LAHORE - Inadequate resources, shortage of staff, lack of security and broken fences are posing serious threats to existence of critically endangered and rare species of wild animals at Lal Suhanra National Park.

Hundreds of deer including critically endangered Blackbucks have been stolen or died after falling ill during the last six months, causing serious concerns among conservation organisations including World Wide Fund for Nature Pakistan. Blackbuck became virtually extinct in the Cholistan Desert but the species was re-introduced at Lal Suhanra National Park within large enclosures, together with Chinkara gazelle.

Houbara Foundation donated 504 Blackbucks to Lal Suhanra National Park in December 2011 to overcome declining population of the rare species in two enclosures. Theft and death of Blackbucks after illness caused gradual decrease in the number of Blackbucks.

At present, 365 Blackbucks (179 Male, 149 Females and remaining minors) are housed in bigger enclosure. As many as 59 Blackbucks are housed n smaller enclosure along with 13 Chinkara deer.

One of the largest National Parks in South Asia, Lal Sohanra is situated in Bahawalpur district of Punjab province. Lal Sohanra is spread over 162568 acre and is notable for the diversity of its landscape, which includes areas of desert, forest and water. In lieu of 11366 acre land transferred for establishment of Solar Park, Lal Sohanra National Park was compensated by giving the same size of land owned by Cholistan Development Authority. The park is situated some 35 kilometres east of Bahawalpur and presents a synthesis of forest and desert life. It occupies land on both sides of Desert Branch Canal, and is spread over an area of 65000 hectare green land, 54600 hectares dry land (desert), and 2000 hectare wet land (ponds and lakes). The park's terrain is generally flat, interspersed with sand dunes measuring between 1 and 6 meters in height and occupying as many as thousands of acres apiece.

Management of Lal Suhanra National Park, however, bailed itself by saying that internal inquiry has been initiated and FIRs lodged against unidentified thieves. The management said that it was almost impossible to cover such a huge area with only few unarmed security.

“One each assistant director and inspector and only two unarmed watchmen are responsible for the security of such a huge area. Brocken fences of enclosures have made it easier for thieves to steal precious animals. Seven FIRs have so far been lodged against unknown thieves. A committee is also probing involvement of staff in these incidents. Illegal hunting and wood theft is also a routine due to lack of resources and security”, told Sub Divisional Forest Officer Farhan Rehman to a group of Lahore based journalists who recently visited Lal Suhanra National Park along with a team of WWF Pakistan.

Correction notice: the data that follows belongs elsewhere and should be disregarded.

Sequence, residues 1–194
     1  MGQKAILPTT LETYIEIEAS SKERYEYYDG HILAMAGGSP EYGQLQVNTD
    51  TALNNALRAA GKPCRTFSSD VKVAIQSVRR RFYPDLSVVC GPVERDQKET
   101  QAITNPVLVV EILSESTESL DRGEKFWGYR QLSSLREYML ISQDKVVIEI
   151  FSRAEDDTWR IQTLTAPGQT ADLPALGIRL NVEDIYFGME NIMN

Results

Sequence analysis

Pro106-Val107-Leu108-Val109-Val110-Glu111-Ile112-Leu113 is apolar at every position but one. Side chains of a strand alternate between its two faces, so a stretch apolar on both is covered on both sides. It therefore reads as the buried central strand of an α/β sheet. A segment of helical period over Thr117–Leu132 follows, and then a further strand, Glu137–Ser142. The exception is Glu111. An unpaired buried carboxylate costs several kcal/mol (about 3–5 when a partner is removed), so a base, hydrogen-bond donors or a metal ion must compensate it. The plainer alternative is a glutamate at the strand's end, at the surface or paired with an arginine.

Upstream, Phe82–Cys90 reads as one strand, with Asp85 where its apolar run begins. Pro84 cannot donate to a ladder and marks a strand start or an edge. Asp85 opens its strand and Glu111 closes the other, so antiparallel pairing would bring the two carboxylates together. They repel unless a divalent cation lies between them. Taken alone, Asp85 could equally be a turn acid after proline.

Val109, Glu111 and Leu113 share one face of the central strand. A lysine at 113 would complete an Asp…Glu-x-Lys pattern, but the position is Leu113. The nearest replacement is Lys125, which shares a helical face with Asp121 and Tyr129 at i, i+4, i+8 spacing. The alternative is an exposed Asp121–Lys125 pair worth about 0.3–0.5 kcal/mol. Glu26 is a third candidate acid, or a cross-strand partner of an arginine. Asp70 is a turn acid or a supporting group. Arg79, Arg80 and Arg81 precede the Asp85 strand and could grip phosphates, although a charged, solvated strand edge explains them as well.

“There is need of allocation of sufficient funds for replacement/rehabilitation of fences of enclosures housing Blackbucks and Chinkara deer in particular and fencing of the entire park in general. Deployment of more forest guards with ammunition was also necessary to check illegal pouching and hunting of wild animals. Adequate supply of canal water is also necessary for protection of flora and fauna at the National Park. There is need of making proper arrangements for transporting visitors from nearby cities to the National Park”, he said, adding proper attention could cause more people to take benefits from educational, research and recreational facilities at the National Park.  

Lal Suhanra National Park was declared a national park on October 26, 1972, following recommendations made by the Wildlife Enquiry Committee in 1971. It is crossed by the dried-up bed of the Hakra River and features an important wetland, Patisar Lake.  Patisar Lake regularly holds between 10,000 and 30,000 ducks and common coot in mid-winter.

Mammals in the park include--Long-eared Hedgehog, Nilgai antelope, Hog Deer, Red Fox, Bengal Fox, Golden Jackal, Porcupine, Caracal Cat, Moongoose, Jungle Cat, Indian Wolf, Wild Boar, Honey Badger or Ratel, Little Civet, Indian (Black-naped) Hare, Smooth-coated Otter and Indian Rhino.

Birds in the park are--Houbara Bustard, Griffon Vulture, Honey Buzzard, Marsh Harrier, Hen Harrier, Laggar Falcon, Peregrine Falcon, Kestrel, Indian Sparrow Hawk, Egyptian Vulture, Larks, Shrikes, Wheatears and Barn Owl.

Reptiles in the park are-- Monitor Lizard, Russell's Viper, Indian Cobra, Saw scaled Viper, Wolf Snake, John's Sand Boa and Spiny Tailed Lizard.